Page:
Bleach Man

Beyond the Curve: Dr. Peter Lurie's COVID-19 Blog

A man in a superhero outfit with a bleach bottle-shaped head piece, holding a large novelty syringe
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By now you’ve doubtless heard about last week’s shambolic press conference in which President Trump touted the purported benefits of injecting bleach as a potential cure for COVID-19. Yes, he did actually suggest that. Let me quote: “And is there a way we can do something like that, by injection inside or almost a cleaning. Because you see it gets in the lungs and it does a tremendous number on the lungs. So it would be interesting to check that.”

No, it wouldn’t. Bleach is well known to do damage to the esophagus and lungs (a “tremendous number,” one might say), and to cause liver damage and dehydration. This makes it a poor candidate for the task of treating coronavirus, as most of us probably recognize.

Less well known is bleach’s checkered past. I first encountered it in San Francisco in the early 90’s when the household stain remover was drawn into a different (but just as unscientific) debate: whether needle exchange programs prevented HIV infection among drug users, their sex partners and their children. Precluded by law from distributing fresh syringes using federal dollars, advocates turned to bleach as a method for disinfecting syringes. In San Francisco, they even developed a cartoon-like proponent named Bleach Man, pictured above in full regalia.

The regimen of disinfection proved onerous and time-consuming, and was impractical when drug users were in the throes of painful withdrawal. And it obscured one obvious fact: no amount of disinfection could yield an injection device more free of HIV than an unused syringe.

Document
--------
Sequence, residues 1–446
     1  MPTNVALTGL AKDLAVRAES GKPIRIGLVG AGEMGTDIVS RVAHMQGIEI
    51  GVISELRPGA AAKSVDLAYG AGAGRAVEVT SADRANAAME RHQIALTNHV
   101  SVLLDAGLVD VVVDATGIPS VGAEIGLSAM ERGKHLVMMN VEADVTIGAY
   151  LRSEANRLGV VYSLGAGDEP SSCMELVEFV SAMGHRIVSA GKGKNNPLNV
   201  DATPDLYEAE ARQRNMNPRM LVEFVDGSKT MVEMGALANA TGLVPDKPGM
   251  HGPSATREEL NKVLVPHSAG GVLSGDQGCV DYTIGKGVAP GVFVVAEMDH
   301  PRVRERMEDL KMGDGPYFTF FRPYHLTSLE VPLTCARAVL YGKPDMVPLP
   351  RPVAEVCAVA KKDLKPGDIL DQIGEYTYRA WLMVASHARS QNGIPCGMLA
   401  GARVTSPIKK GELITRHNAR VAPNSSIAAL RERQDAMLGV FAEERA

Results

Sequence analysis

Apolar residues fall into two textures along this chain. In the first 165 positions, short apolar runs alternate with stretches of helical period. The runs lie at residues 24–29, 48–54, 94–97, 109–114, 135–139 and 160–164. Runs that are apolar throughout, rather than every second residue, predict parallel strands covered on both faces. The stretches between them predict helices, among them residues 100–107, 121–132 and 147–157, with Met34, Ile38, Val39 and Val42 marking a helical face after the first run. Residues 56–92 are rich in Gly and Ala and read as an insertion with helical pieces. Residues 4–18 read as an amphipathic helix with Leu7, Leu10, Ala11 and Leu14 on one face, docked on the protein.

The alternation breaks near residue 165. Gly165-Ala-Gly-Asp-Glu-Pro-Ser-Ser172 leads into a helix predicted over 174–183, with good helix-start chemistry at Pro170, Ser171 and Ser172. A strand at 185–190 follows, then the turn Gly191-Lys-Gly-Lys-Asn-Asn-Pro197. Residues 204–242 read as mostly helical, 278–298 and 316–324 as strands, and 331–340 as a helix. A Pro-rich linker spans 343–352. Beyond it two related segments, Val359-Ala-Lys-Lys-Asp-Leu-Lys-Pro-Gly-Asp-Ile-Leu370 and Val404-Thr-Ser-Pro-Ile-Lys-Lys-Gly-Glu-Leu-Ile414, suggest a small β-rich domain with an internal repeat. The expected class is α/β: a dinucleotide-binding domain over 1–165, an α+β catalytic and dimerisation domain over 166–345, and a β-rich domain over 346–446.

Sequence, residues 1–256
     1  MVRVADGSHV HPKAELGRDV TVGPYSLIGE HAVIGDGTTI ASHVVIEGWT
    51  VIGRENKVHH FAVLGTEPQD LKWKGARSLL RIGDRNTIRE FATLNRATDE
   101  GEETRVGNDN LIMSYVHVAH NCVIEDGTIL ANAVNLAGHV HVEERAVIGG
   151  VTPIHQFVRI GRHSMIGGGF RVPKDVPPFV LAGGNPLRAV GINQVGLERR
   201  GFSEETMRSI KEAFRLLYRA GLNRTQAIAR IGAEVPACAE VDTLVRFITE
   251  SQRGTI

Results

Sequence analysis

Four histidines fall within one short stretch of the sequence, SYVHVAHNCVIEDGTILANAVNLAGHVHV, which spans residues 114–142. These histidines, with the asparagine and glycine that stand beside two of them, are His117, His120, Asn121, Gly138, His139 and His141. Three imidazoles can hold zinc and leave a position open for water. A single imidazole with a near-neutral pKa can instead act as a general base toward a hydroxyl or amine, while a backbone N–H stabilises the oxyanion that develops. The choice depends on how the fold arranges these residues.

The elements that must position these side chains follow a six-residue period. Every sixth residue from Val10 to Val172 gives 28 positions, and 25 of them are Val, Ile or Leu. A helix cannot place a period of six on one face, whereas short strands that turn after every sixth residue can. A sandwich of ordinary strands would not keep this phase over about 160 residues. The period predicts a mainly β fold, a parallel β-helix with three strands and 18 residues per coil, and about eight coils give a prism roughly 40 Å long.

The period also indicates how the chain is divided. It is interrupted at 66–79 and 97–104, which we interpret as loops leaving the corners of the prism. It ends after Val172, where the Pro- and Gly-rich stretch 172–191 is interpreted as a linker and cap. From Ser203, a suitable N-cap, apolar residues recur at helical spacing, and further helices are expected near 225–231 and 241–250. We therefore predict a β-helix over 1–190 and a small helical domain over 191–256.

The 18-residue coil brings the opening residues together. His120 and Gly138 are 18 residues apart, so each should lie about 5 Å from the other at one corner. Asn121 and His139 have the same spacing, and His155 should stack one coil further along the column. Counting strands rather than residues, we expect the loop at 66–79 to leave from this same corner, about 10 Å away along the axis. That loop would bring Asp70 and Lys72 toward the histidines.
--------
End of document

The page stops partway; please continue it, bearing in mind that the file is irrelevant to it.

After that, bleach retreated into the obscurity of laundry closets, emerging only episodically when promoted as a cure for autism, cancer and—ironically—HIV/AIDS, by groups like the Genesis II Church and the notorious Q-Anon conspiracy theorists. Indeed, even before the President got in on the act, the Church was promoting a form of bleach called chlorine dioxide to prevent and treat COVID-19 under the name Miracle Mineral Solution, a practice that earned it a Warning Letter from the Food and Drug Administration and the Federal Trade Commission. Just days before Trump went public with his data-free musings, a federal court ordered the Genesis II Church to cease promoting the product for COVID-19.

After being admonished by the court, the Church turned round and wrote to the President touting the product’s purported benefits. Whether that played a role in his pronouncements is unclear. But the President’s comments did produce a spate of calls to Poison Control Centers related to bleach exposure.

It wasn’t the first time the product had kept the Poison Control Centers on their toes during this pandemic. Three days before the President’s remarks, the Centers for Disease Control and Prevention, part of the President’s own executive branch, announced an alarming uptick in bleach exposures associated with the pandemic being reported to Poison Control Centers, including one woman was exposed by washing vegetables in a bleach solution. In early April, CSPI advised against the practice.

Bleach is great for removing stains. Let’s keep it in the laundry closet and out of our medicine cabinets.

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